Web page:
He made the revelation during cross-examination from Banton's attorney David Markus.

Markus, in his opening salvo, told the 14-member panel of jurors that he would prove that Myrie was not a drug trafficker and had never invested in illicit drug dealing. He said that artiste would waive his right not to testify.

"He's got nothing to hide because the truth is on his side in this case," Markus said.

He said his client's big mistake was that he loved to talk. Markus said Myrie met DEA informant Alexander Johnson, a Colombian national, on a flight from Madrid Spain to Florida last year and during conversation Johnson introduced the subject of drug dealing to him.

He said Myrie had in fact tasted cocaine but that did not qualify him as a drug dealer.

Markus also argued that Myrie did not know about the US$130,000 that his co-defendant James Mack had been held with. The money he said was given to Mack by two men identified as 'Ike' and 'Tike' from Atlanta, Georgia.

The attorney said Mack and Ian Thomas were the ones who were dealing drugs and said his client made a decision not to partake in any deal and went to his Tamarac home in Florida, where he was arrested in December last year.

Mack and Thomas have taken plea deals and have agreed to testify against the artiste. All three are charged with conspiracy to possess with intent to distribute five or more kilogrammes of cocaine. The charge carries a sentence of 20 years to life and a fine of up to US$4 million.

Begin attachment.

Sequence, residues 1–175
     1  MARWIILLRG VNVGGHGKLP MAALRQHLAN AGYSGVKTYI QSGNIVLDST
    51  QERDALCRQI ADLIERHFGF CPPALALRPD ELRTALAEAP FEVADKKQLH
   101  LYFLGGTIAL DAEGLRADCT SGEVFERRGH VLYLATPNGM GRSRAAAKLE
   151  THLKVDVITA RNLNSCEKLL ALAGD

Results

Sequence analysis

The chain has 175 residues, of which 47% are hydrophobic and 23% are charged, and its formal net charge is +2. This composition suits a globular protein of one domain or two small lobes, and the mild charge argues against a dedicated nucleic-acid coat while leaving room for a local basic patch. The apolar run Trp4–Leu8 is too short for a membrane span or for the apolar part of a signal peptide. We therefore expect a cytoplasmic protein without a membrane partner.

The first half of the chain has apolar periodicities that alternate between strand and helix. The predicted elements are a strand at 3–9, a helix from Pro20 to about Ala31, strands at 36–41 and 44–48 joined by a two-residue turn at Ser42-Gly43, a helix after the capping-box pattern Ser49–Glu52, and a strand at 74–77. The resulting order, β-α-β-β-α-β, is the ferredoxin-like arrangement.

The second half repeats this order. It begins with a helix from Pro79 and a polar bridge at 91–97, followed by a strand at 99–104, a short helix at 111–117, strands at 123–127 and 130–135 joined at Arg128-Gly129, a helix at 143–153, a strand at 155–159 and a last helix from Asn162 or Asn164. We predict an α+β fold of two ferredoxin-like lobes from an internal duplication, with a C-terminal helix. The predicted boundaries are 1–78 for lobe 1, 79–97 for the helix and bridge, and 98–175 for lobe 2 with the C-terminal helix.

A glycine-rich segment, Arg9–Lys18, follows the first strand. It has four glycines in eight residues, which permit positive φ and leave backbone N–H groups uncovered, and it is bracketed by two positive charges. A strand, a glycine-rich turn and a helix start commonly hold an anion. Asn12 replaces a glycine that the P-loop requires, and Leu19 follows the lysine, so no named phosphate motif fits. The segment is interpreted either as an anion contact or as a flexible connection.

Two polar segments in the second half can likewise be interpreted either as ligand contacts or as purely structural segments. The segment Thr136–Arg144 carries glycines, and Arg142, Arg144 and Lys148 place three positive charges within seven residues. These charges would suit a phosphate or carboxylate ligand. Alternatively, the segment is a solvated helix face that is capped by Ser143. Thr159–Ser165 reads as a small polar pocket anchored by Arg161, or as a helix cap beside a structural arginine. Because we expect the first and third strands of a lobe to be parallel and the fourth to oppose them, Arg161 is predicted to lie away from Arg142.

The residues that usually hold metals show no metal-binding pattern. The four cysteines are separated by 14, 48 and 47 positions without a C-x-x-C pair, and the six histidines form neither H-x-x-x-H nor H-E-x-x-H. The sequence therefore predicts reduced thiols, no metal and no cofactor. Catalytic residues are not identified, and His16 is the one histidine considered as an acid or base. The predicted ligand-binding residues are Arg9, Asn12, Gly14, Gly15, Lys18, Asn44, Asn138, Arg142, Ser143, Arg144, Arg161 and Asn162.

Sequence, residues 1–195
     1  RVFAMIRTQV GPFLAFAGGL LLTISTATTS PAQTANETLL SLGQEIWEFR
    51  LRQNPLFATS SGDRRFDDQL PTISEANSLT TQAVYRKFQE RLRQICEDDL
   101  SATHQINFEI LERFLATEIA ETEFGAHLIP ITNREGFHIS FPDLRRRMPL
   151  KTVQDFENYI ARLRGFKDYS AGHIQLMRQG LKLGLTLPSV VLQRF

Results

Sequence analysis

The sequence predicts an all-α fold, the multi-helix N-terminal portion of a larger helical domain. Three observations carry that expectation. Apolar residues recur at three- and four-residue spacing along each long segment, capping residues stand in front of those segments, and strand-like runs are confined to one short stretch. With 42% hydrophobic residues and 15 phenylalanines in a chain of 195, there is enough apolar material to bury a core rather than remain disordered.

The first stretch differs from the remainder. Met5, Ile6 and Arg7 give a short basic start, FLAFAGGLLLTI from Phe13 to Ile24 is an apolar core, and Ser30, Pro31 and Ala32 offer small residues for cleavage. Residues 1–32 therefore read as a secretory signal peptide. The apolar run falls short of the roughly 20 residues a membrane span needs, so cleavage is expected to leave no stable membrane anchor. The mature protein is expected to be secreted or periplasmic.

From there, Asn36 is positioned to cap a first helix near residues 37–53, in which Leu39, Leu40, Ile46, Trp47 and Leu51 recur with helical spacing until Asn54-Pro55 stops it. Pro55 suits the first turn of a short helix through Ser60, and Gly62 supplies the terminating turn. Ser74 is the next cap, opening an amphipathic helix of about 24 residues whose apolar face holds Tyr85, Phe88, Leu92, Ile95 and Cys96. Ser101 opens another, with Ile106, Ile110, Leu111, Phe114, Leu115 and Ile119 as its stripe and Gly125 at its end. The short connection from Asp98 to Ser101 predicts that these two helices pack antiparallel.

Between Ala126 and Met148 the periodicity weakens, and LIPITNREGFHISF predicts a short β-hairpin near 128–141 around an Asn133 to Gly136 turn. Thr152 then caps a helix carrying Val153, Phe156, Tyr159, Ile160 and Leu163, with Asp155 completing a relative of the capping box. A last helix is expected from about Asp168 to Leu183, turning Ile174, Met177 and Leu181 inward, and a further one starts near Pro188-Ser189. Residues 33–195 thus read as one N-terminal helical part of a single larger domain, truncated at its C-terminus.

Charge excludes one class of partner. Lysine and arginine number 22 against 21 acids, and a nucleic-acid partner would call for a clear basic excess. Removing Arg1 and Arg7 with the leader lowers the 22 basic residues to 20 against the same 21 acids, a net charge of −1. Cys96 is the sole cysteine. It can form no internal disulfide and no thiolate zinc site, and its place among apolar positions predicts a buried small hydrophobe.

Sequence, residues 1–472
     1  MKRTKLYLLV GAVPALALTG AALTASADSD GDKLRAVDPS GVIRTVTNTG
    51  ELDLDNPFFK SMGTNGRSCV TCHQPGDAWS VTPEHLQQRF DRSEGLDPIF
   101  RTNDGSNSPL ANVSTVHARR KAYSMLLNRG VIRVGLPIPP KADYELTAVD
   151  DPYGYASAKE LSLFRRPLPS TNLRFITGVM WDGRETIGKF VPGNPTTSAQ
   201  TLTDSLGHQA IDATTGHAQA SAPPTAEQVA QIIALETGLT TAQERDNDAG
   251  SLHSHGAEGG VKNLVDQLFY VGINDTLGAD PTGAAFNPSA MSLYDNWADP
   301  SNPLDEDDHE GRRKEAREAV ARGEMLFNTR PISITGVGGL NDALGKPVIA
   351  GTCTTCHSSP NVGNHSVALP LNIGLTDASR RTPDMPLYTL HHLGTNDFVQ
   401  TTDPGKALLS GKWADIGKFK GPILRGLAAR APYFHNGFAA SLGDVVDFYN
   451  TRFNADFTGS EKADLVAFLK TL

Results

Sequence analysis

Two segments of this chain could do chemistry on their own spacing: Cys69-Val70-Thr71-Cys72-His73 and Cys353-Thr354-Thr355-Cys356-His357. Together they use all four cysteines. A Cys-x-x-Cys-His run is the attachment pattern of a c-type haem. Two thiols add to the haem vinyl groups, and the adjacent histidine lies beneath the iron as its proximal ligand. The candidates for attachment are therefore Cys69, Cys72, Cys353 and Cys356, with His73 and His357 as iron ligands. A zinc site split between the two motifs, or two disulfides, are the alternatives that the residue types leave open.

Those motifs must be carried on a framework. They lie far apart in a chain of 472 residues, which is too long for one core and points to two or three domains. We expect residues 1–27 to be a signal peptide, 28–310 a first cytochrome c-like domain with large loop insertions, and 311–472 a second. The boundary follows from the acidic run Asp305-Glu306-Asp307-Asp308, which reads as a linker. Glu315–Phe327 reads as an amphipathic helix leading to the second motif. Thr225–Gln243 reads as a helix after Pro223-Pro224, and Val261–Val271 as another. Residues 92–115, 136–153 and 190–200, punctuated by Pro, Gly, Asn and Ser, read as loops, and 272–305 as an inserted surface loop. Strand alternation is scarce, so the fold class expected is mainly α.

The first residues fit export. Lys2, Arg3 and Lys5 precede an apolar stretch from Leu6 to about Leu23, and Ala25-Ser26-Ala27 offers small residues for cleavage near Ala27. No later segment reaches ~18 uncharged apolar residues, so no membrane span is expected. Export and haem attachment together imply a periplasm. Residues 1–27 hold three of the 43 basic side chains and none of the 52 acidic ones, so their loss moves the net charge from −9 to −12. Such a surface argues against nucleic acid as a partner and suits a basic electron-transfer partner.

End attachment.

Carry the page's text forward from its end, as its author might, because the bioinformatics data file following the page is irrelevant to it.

Prosecutor Jim Preston argued that he would prove that Myrie is a known drug dealer who invested in multi-million dollar drug enterprises and he was arrested because he was starting a new venture.

Forensic chemist Alexandra Gongra also gave evidence that the substance that Thomas and Mack were arrested with was cocaine.

Telephone records analyst Donnie Godshoal also gave evidence today.

Dozens of Banton's supporters turned up outside the court to show their solidarity with the four time Grammy nominee.

His former manager Donovan Germaine, VP Records President Chris Chin and Deejay Delly Ranks were also present for the trial.

[www.jamaicaobserver.com]



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[www.jamaicaobserver.com]:

TAMPA, USA — THE first day of the cocaine trial of Jamaican reggae superstar ‘Buju Banton’ ended with what the artiste’s lawyers and supporters described as a good day.

The tension in the air during the morning session of the trial at the Gibbons US Court was all gone when court adjourned for the day, some minutes after four yesterday afternoon.

The many Jamaicans — musicians included — and supporters of varying nationalities who travelled from as far as Los Angeles for the trial, expressed relief after the prosecution’s first witnesses gave evidence.